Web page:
For our client companies, this means potential to lower costs, improve safety and quality, and increase productivity. XR can also enhance customer experience and engagement and shorten development cycles. And it can provide companies with entirely new business opportunities in the form of XR-enabled services to customers. Both academic research and practical implementations indicate that the performance and productivity improvement potential is significant.

More and more companies are embracing the new technologies and understand the value and potential of XR. Early adopters already have empirical proof of the operational benefits of applying XR solutions to their working practices and processes. Studies also show that the majority of workers, and an even larger share of millennial employees, are willing to use XR technologies in the workplace. It therefore comes as no surprise that many forward-looking companies have engaged in proofs of concept or piloted XR projects, with many projects already maturing into full-scale implementations.


What services do you offer in the field of XR?

Our XR solutions and services cover experiential marketing, immersive learning, assisted working and collaboration. Let me tell you a little bit more about each of these areas.

In marketing, XR enables new opportunities to engage customers, like virtual showrooms and virtual walkthroughs. You can basically turn any location into a virtual showroom for one or several users to explore. You can offer highly convincing experiences of products and spaces that are still on the drawing board, show products in life size and easily add new products to your showroom. The virtual space is unlimited. What’s more, you will avoid transporting physical equipment to tradeshows etc. It saves both costs and the environment. We also build hybrid solutions where a screen-based interactive product experience is augmented with AR elements or enhanced with both AR and VR. These solutions are getting increasingly popular.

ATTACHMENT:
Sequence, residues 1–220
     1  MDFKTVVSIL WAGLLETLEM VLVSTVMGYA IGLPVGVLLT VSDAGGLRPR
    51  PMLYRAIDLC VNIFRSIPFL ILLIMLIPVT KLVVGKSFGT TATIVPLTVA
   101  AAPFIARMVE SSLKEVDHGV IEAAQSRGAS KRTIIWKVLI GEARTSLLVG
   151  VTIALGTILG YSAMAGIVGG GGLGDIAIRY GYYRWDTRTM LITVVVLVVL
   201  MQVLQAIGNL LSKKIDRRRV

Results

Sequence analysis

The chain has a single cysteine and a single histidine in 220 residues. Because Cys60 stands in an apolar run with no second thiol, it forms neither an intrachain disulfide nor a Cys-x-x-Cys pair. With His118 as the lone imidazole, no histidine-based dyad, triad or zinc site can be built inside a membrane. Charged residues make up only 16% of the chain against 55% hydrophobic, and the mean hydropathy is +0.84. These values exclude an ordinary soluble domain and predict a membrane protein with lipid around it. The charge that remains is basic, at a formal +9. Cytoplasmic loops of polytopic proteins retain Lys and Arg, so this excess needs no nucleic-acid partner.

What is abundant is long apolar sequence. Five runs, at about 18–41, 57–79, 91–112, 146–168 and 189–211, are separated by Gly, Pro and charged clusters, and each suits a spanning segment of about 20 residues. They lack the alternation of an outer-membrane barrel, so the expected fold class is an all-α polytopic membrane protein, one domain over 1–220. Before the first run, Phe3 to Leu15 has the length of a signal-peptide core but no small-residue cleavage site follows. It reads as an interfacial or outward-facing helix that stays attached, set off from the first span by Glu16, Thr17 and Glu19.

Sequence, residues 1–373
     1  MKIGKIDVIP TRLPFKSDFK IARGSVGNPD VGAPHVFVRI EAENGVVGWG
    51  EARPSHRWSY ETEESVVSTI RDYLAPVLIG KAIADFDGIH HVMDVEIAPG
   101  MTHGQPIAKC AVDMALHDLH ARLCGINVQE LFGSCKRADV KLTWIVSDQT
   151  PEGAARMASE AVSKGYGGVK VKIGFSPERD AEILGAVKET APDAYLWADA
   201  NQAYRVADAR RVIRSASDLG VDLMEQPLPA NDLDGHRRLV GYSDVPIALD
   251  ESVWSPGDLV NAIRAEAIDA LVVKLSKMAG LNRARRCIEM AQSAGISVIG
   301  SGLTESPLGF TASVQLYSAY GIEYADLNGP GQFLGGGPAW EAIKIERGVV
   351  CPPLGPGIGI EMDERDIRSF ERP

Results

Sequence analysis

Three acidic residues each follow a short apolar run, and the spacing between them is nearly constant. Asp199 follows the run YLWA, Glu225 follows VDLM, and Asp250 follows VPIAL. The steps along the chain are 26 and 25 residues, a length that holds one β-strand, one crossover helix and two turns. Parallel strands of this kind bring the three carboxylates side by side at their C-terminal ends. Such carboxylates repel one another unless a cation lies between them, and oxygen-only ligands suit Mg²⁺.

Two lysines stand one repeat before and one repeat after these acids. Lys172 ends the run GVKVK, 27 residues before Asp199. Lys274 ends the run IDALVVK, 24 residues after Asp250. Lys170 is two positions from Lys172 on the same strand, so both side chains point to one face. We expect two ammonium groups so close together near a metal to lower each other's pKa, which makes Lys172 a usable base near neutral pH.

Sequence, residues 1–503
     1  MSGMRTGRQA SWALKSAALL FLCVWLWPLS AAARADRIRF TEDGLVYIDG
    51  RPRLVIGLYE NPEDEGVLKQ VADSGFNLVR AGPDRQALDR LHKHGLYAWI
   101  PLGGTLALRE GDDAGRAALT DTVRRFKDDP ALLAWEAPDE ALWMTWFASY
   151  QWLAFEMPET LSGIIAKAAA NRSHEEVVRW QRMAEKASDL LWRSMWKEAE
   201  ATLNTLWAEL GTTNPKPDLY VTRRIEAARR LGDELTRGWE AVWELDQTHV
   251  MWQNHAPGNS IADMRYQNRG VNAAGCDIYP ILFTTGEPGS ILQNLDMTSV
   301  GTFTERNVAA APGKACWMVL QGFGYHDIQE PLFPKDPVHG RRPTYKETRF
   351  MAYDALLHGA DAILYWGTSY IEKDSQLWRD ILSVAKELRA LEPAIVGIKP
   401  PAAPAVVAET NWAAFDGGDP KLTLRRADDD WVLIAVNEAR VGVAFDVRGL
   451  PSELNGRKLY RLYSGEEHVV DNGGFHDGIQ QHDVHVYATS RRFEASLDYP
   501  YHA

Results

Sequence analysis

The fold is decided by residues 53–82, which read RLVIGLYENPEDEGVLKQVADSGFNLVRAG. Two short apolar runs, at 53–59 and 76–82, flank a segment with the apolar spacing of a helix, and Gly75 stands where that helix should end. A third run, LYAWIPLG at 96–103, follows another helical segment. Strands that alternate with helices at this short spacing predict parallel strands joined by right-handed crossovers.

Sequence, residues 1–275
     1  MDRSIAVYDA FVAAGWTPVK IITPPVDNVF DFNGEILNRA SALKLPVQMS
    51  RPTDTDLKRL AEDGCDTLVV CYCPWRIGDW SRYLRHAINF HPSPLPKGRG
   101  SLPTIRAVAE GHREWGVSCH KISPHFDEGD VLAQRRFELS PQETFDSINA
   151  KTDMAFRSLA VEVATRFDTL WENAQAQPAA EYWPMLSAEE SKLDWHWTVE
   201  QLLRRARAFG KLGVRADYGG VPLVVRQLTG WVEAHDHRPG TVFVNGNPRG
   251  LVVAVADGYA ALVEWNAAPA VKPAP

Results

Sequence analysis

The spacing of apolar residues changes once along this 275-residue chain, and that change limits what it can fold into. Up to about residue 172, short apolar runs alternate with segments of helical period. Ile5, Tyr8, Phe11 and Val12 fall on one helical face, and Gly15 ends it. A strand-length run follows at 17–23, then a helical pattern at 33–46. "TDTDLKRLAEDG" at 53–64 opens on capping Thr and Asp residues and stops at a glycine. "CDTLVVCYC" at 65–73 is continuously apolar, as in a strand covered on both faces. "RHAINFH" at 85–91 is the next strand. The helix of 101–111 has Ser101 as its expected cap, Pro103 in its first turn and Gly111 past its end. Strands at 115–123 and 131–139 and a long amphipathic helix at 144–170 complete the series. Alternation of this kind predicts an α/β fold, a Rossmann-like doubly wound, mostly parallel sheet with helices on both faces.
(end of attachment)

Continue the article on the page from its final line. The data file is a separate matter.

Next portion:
In learning, XR is a powerful tool for “learning by doing”. A virtual space is a safe learning environment; mistakes do not involve risk of injury or equipment damage. Making invisible workplace hazards, like radiation, visible is an important advantage of XR, as we demonstrated in a learning solution for Fortum’s nuclear power plant. People feel more immersed, are more focused on the task and show higher levels of motivation in XR than in traditional training settings. Improvements in retention and recall as well as time and cost savings are also typically achieved. There’s already plenty of evidence of the benefits of XR-enabled learning.

In assisted working, AR and MR are the technologies of choice. Step-by-step installation or repair instructions, quality inspection checklists, order picking lists and other work instructions can be digitally superimposed on the real work environment – at the right time and place. Such on-demand, in-context information enhances worker performance, drives faster completion of tasks and ensures higher first-time quality. The AR/MR-enabled smart work instructions are also an effective tool for on-the-job learning.